Why to Become a Mentor

As a mentor, you not only provide technical guidance to mentees, you also understand their enthusiasm to learn and work for open source development based on which you can select them for the program, and refer their profile to potential employers. You are the person who helps mentees learn and enhance their technical skills, and whose guidance brightens their career. Sounds cool, doesn’t it? Good mentees can also become great mentors in future, and contribute effectively to communities.

Here are some reasons to consider putting yourself forward as a mentor and formally participate in the mentorship program:

  • You believe in the value of mentorship by helping new and active developers learn open source development, culture, the tooling and infrastructure to be a productive member of the community.

  • You are passionate about teaching and guiding aspiring developers, many of whom may be first time open-source contributors.

  • You are eager to bring in new perspectives, ideas, new talent into open-source community and projects.

  • You believe that the potential contributions of the mentees, by completing this mentorship program, could add value to the larger project community of which you're an active developer or a maintainer.

It’s not just us telling good about our mentorship program, listen to what our mentors say about this program:

“It is really satisfying as a mentor to see someone soak up all the new knowledge and put it to good use.”

Hans Verkuil, mentor for Linux Kernel Mentorship Program

“The first thing I would like to emphasize is that this is not just a summer job for the interns. During the internship, they had a chance to get to know the intricacies of different Hyperledger projects. They also worked closely with mentors who guided them throughout their work. But above all else, they became part of an open source community.”

Attila Klenik, mentor for Hyperledger

“I have always enjoyed sharing knowledge, and this program gave me the opportunity to do that. My proudest moment easily was when my intern spoke about how the things we taught her during the internship directly applied to her current classes. As I mentioned above, our first goal was to make sure our intern learned enough that she could apply it to the rest of her career.”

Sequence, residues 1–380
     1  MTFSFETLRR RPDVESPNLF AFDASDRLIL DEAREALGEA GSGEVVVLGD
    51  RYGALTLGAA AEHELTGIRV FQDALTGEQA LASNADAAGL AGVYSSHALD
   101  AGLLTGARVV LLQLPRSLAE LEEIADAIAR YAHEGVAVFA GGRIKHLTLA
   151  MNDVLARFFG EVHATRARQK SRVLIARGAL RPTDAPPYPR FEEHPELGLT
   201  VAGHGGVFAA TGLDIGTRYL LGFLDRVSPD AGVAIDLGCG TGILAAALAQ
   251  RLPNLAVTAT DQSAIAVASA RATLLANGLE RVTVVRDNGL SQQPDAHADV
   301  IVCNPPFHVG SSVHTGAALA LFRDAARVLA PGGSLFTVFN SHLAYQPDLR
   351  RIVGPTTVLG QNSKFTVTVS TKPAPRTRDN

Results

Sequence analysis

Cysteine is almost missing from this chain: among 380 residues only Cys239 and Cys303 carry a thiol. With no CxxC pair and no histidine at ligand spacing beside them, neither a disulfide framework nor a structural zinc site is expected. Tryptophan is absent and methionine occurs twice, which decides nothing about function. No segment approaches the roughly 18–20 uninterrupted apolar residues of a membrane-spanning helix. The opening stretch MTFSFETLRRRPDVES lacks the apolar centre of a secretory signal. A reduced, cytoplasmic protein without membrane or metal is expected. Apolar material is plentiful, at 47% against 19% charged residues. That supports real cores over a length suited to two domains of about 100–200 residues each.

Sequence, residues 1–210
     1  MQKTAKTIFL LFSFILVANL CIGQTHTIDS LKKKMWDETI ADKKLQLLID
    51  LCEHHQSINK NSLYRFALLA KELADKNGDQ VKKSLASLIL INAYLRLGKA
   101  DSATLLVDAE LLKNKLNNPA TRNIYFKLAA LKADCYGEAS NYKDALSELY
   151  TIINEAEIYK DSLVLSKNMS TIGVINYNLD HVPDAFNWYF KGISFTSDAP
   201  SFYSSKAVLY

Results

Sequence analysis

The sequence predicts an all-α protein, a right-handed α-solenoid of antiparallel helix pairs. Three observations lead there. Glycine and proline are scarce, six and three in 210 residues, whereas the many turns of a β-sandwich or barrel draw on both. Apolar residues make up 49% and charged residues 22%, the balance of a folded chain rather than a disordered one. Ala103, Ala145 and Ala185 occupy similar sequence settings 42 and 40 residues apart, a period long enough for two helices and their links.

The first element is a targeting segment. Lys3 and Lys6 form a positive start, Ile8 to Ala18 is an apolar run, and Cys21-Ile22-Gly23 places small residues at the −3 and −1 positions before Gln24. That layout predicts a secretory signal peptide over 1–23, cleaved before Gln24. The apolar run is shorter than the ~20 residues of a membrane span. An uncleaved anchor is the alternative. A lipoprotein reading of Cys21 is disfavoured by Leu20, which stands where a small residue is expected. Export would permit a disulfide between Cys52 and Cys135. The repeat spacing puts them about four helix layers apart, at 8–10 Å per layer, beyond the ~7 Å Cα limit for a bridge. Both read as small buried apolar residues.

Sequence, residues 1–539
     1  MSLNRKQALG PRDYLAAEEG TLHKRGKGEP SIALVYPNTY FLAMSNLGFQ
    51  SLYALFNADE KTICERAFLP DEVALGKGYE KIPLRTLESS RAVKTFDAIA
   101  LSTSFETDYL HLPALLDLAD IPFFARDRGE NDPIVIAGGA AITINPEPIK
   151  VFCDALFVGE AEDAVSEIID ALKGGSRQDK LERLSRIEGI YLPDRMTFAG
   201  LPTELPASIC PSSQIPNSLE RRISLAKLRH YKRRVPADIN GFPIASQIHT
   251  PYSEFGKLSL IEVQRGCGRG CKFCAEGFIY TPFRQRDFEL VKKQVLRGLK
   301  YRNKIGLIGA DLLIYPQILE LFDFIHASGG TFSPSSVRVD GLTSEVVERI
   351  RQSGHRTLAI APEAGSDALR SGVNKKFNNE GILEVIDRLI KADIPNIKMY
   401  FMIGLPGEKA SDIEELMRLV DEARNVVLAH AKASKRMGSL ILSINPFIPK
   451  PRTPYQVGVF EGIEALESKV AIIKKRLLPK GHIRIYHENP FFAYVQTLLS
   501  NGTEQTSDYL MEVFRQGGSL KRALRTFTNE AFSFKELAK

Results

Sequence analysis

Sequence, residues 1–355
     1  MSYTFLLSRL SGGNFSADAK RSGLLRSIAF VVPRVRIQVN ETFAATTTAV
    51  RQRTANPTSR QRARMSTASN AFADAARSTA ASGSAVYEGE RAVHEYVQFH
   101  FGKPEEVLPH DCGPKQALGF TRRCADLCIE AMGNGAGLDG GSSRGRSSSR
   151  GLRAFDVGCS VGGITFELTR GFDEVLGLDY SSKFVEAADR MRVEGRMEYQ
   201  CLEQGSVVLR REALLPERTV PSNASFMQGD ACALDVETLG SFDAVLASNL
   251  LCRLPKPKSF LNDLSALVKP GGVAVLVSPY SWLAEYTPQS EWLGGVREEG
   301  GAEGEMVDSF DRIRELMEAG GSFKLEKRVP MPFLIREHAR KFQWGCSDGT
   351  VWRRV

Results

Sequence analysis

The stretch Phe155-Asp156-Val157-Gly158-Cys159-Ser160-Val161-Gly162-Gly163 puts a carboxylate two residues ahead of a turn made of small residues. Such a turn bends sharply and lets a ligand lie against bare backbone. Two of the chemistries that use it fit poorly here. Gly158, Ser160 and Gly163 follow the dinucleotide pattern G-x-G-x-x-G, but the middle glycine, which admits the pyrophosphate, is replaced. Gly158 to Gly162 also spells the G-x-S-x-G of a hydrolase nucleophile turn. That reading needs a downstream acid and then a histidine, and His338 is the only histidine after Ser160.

Swetha Repakula, mentor for Running Web Assembly Smart Contracts in Fabric

“I had the satisfaction of supervising a hardworking intern who was able to create running code for the seemingly difficult idea of running Solidity contracts on Fabric. My hope is that the project does not end with the culmination of the internship and sparks interest among other members of the community.”

Salman A. Baset, mentor for Running Solidity Smart Contracts on Hyperledger Fabric

“Mentoring has been a great experience for me. I got a wide selection of candidates and could choose people well suited by giving practice tasks. During the mentorship, my mentees were very excited and had a lot of energy, -- something only seen in people starting out. They were hardworking and were able to make good contributions and bring fresh ideas to the table. It improved my knowledge in the area as well (when you teach you learn again) while also getting some work done (which otherwise I would have to make time to do myself). My menees are now planning to continue to work in Linux kernel space and I'm glad that I got an opportunity to add more contributors to the kernel. I have also networked the me mentees with other engineers in the area I'm working on and further given them more opportunities to contribute in the future. I hope they continue even after the mentorship program.”

Joel Fernandes, mentor for Linux Kernel Mentorship Program

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